The other day, her mom arrived home before us. Upon greeting us, C started muttering she wasn’t in the mood to take her shoes off, and demanded help. Mom immediately started undressing the kid.

Is it just me, or is that showing C that she will get her way if she throws tantrums?

Not teaching them foreign languages?

This applies more here in my city of Kolozsvár, but still.

Being a Hungarian person who lives in Romania, one is required to speak Romanian. Logical, I know. It doesn’t make someone less Hungarian, and knowing other languages is always a plus. However, can’t recall what exactly the conversations was about, but C’s mom said to me once “I am glad C wants to learn Romanian. But I will not teach her.” Queue a million questions running through my head…

Yes, there are many parts of Romania where there are more Hungarian people and so, Romanian is barely spoken. I had classmates like that. But my gosh, Romanian literature classes were tough on them when they couldn’t properly string a sentence together. Romanian literature is required at exams! And there are so, so many collages in Romanian only! What if the kids wants to be a doctor? There is no Hungarian college for that.

For me it was easy, I learned both languages while growing up. I speak both since I was three. So, while attending a Hungarian school, Romanian classes were much easier for me. If one teaches their kid Romanian, they’re making both their lives easier for when school starts. And in life in general, because she will be living in this country…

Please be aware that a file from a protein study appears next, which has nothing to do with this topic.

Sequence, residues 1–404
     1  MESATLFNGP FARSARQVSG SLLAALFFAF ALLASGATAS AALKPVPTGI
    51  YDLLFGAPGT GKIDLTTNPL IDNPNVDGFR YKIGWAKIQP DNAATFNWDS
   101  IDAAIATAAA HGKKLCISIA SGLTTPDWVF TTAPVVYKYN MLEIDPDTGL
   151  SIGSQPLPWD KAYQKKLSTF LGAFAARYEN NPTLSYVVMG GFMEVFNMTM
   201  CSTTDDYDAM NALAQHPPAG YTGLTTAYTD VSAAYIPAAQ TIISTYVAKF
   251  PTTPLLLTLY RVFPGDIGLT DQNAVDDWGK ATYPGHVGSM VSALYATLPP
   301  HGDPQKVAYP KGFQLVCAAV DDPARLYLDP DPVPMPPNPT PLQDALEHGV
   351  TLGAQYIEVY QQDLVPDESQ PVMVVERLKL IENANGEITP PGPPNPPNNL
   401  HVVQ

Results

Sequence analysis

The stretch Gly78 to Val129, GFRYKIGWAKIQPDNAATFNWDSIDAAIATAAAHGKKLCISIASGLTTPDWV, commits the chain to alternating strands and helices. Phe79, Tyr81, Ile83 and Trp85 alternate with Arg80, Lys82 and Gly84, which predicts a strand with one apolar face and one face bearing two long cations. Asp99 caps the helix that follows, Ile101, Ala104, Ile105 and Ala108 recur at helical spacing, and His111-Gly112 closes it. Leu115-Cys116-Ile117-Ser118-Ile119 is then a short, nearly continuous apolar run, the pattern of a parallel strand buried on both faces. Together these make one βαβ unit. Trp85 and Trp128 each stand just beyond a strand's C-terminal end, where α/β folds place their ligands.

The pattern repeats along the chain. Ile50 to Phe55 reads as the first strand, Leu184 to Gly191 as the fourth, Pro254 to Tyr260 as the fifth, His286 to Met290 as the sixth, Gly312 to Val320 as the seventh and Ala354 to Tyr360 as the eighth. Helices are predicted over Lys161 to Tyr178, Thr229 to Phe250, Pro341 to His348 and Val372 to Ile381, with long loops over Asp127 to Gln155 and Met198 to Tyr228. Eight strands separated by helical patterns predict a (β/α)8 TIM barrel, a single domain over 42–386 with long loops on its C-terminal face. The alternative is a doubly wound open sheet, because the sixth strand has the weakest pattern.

So I simply don’t understand: why, why, why would one not want to help their children when they’re young enough to learn and not leave it until fifth grade when learning a foreign language is so much harder?

Telling kids to shut up and not embarrass themselves and you?

This last one is something I overheard a mom telling her little girl on the bus. She was taking the kid with her, to her work place. I don’t know any more details.

But does that sound like something one should say to their child?

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8 Comments to “On dealing with children”

  1. I’ve noticed things like this before and wondered what it would be like to live with some kids full time. There is a point where you have to stop doing things for your kids or they will never learn how to do it themselves. My son has learned how to make his own grilled cheese sandwich if he doesn’t want to eat what I made for the rest of the family to eat. :)

    • Right there with you on the wondering what it’d be like to live with certain kids full time. And I’m sure it’s different when one has kids, but I can’t imagine doing everything for them would be good for them to learn to function later.
      I like that your son can make his own grilled cheese sandwich if he doesn’t want to eat what you made for the family. Fair.

  2. I share your concerns Estrella; some kids are just not raised properly and you’d think maybe a license should required. :) I spent 16 months volunteering as a big brother and I spent my last year in college volunteering once a week for a year with a kindergarten class on one of my spare days; my mom used to be a teacher. I’ve seen some very cute, heart wrenching stuff from the kids, but some questionable stuff about their home life. I could go on and on, because it can get frustrating! You would think parents would know better…. not true in some cases. But like anything, there is the good and the bad….. unfortunately it sometimes seems the bad outnumbers the good.